The Mésalliance by Stella Riley

Mesalliance Master

Reluctantly, the Duke of Rockliffe is in the market for a wife. His requirements are simple; a lady who will occupy her position with well-bred grace and chaperone his sister, Nell – but who will not bore him to distraction. He is acquainted with a number of ladies who could fulfil the first two but none who can achieve the last. Then, whilst accompanying Nell to what he speedily comes to regard as the house-party from hell, he meets Adeline Kendrick – acid-tongued and by no means beautiful, yet somehow alluring; a combination that Rockliffe finds infuriatingly provocative. Worse still, her relatives are quite deplorable – from Cousin Diana, a spoiled and ill-natured beauty, to manipulative and devious Uncle Richard. As a prospective bride, therefore, Adeline is out of the question. Until, that is, a bizarre turn of events cause the Duke to change his mind and make what his world will call a mésalliance. Once back in London, Nell, plays fast and loose with the affections of Harry Caversham, Rockliffe – whilst attempting to woo his elusive bride – begins to scent a mystery and Adeline finds herself confronting a family skeleton which emerges, without warning, from the closet. Intent on averting a scandal and unwilling to burden her husband with the secret, complications and misunderstandings inevitably ensue. But his Grace of Rockliffe is neither a fool nor a man to be easily defeated and his stylish Duchess, no milk-and-water maid. How all their difficulties are resolved and the mésalliance proved to be no such thing, is told in this lively sister-novel to The Parfit Knight.

Rating: A+

I love a good Marriage-of-Convenience story – and this is a very good Marriage-of-Convenience story. In The Mésalliance, we are re-introduced the Duke of Rockliffe, who previously appeared in a supporting role in The Parfit Knight, along with some of the other characters in that story, including Dominic, Marquess of Amberley and his wife Rosalind, Jack Ingram and – of course – Broody, the irascible parrot.

I’ve said before that Stella Riley has a real gift for creating wonderfully attractive heroes, and she continues that winning streak here. It’s not just that her heroes are handsome and aristocratic – they are also highly intelligent, possessed of a rapier wit and a degree of charisma that could power a small city; while also being intuitive, honourable and loyal.

Tracy Wynstanton, Duke of Rockliffe is all of those things. He frequently adopts a veneer of world-weariness and affectation, but no-one could ever mistake him for a fop. When push comes to shove, he’s the man you’d want fighting your corner. He encountered Adeline Kendrick eight years before the events of the novel take place, when she was just sixteen. Since that time however, Adeline has been living with her aunt and her absolutely atrocious cousin, both of whom treat her as “the poor relation” and has, as a result, developed a thick skin and an acerbic tongue as a way of both protecting and asserting herself. Rockliffe is intrigued by her, having an idea that they could deal well together, but Adeline, realising how easy it would be to fall for him, finds her instinct for self-protection is hard to set aside.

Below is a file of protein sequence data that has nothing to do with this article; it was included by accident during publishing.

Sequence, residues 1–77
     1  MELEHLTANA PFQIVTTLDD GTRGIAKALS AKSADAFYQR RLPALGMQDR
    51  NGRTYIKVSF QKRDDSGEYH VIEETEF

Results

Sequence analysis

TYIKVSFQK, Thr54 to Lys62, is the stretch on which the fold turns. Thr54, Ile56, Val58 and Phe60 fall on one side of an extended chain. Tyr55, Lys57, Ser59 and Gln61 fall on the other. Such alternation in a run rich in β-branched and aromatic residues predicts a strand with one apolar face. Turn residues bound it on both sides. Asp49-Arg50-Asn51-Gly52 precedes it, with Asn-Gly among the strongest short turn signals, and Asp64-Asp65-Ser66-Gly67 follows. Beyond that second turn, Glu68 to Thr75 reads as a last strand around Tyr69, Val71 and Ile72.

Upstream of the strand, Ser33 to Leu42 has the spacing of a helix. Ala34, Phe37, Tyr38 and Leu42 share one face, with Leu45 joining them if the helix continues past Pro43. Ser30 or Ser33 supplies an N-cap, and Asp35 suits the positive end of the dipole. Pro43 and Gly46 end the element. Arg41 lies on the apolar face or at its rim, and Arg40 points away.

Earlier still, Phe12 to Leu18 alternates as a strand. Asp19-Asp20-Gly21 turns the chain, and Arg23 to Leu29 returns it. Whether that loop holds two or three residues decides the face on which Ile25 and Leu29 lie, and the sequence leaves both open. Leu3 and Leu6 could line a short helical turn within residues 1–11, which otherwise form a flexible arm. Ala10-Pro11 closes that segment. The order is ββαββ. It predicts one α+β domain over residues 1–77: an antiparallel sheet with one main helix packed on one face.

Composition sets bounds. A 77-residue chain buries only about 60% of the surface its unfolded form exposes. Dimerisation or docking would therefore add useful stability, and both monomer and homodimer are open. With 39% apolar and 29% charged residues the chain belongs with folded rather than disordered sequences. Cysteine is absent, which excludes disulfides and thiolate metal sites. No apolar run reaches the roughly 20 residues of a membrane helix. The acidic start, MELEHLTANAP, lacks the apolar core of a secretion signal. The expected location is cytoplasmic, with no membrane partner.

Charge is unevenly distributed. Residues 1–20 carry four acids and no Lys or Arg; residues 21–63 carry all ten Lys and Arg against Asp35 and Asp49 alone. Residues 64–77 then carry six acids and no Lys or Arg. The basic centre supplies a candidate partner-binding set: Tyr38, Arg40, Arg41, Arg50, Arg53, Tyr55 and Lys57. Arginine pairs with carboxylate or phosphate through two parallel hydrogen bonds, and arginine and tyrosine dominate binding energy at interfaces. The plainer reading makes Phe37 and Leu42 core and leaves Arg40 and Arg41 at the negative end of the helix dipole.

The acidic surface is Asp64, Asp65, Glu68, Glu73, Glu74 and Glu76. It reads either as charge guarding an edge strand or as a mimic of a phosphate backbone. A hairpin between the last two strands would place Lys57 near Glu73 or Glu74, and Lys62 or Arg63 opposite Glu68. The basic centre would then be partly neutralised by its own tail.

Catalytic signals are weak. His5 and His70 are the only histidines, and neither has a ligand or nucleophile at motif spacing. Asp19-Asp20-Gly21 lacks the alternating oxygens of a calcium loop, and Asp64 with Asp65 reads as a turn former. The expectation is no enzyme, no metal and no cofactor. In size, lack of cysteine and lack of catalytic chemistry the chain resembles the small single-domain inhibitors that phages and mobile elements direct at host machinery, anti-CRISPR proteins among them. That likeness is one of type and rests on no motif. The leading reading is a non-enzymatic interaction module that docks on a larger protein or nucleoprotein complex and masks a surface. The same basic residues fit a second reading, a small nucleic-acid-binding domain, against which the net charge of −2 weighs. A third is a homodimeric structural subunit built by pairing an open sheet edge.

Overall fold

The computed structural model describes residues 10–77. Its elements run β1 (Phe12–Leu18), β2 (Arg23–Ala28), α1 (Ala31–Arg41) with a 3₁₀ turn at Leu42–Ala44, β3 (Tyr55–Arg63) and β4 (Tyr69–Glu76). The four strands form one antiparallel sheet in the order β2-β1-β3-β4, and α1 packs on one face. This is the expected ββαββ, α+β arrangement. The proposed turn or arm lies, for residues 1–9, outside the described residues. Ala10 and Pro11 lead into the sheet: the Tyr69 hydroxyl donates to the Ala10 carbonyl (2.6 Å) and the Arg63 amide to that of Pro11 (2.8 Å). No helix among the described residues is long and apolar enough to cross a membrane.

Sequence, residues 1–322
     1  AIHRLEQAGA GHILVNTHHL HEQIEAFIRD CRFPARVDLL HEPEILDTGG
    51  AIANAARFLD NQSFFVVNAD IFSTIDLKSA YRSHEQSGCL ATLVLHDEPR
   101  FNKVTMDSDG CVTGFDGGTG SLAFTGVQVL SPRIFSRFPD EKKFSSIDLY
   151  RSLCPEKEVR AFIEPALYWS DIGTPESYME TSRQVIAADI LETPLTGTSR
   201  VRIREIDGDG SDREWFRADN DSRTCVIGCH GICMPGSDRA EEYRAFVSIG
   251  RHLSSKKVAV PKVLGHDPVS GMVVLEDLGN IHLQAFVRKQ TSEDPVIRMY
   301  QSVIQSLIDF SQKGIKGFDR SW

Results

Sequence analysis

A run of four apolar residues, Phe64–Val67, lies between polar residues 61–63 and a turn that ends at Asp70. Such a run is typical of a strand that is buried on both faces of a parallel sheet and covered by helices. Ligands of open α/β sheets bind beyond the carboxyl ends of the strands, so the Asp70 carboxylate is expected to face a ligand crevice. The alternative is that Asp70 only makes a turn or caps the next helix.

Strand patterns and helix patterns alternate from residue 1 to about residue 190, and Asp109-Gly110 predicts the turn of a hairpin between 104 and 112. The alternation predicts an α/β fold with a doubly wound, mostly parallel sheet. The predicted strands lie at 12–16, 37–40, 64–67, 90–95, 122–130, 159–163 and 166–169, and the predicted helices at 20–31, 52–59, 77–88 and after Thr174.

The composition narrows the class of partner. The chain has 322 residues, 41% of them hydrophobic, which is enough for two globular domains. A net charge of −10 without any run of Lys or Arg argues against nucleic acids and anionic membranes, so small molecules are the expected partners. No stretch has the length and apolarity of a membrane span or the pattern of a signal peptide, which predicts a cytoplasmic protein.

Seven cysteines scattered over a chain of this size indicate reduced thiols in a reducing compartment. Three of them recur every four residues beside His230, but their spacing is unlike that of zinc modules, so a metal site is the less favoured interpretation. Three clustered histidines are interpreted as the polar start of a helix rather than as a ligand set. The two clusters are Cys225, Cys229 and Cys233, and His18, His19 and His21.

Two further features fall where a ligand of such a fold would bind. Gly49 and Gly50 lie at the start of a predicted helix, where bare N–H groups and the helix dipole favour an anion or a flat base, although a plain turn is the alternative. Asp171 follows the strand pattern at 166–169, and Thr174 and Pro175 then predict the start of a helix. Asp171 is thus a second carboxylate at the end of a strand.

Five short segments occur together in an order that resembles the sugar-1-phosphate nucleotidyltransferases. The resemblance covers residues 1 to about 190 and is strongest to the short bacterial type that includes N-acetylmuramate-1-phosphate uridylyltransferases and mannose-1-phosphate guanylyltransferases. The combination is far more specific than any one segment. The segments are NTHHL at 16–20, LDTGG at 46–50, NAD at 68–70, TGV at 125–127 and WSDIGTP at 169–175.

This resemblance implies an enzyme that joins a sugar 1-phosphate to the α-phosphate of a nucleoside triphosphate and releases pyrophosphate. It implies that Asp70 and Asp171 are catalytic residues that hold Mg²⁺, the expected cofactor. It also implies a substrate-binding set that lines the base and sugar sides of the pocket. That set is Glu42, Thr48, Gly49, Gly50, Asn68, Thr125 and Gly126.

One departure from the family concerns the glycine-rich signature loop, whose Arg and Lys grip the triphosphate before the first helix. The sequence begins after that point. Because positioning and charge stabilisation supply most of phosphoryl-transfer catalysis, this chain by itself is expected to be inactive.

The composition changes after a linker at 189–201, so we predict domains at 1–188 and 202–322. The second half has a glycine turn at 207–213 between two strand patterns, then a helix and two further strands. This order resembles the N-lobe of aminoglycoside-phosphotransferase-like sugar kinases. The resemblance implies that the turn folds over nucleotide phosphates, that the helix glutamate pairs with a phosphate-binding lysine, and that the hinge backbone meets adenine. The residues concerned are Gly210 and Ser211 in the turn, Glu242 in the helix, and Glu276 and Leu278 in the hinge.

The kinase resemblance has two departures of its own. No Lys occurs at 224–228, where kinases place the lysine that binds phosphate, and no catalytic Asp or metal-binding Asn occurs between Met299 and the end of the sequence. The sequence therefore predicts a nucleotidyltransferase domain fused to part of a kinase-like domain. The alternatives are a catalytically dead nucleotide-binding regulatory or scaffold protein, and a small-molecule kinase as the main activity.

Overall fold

The story is a simple one. The hero and heroine are found in a compromising situation and must marry. Both are attracted to each other, but too wary to express their feelings in case they are not returned, and there is a Big Secret in the heroine’s past which threatens to ruin her and which she tries to hide from her husband.

On the surface, that’s a fairly common plotline, but I have no problem whatsoever with common plotlines, as long as the resulting stories have something more to offer, and that is definitely the case here. One of the things I’ve most enjoyed about Stella Riley’s novels is the way she can take a romantic stereotype and add that something “extra” so that it remains fresh. I don’t mean that necessarily in terms of the plot – this one is nothing out of the ordinary – but more in the way she fashions the narrative and weaves the other characters in and out of it and of their own stories in such a satisfactory way that nothing seems contrived and everything seems to happen just as it should – even the things that make you feel as though your heart’s been ripped out and stomped on.

As with her other novels, there is a splendidly rounded-out supporting cast in the book. As well as the characters we have already met, we are introduced to Rockliffe’s headstrong younger sister Nell, and – briefly – to his disapproving elder one, Lucilla. There are Adeline’s relatives, too – her aunt, her beautiful twin cousins, one of whom is a shrinking violet, the other a total harpy, and her unscrupulous uncle, to name but a few.

The Mésalliance is well-written, the characterisation is excellent and consistent; and although there are no raunchy sex-scenes, there is romantic tension by the bucket-load. In that way, I suppose it’s very much an “old-skool” romance, although it completely outclasses most of the others of that ilk I’ve read recently. Above all, I want to read a well-developed central relationship, one that I can see progressing through various stages before arriving at a deeply felt, mutual understanding; and if that’s your preference, too, then you need look no further than this.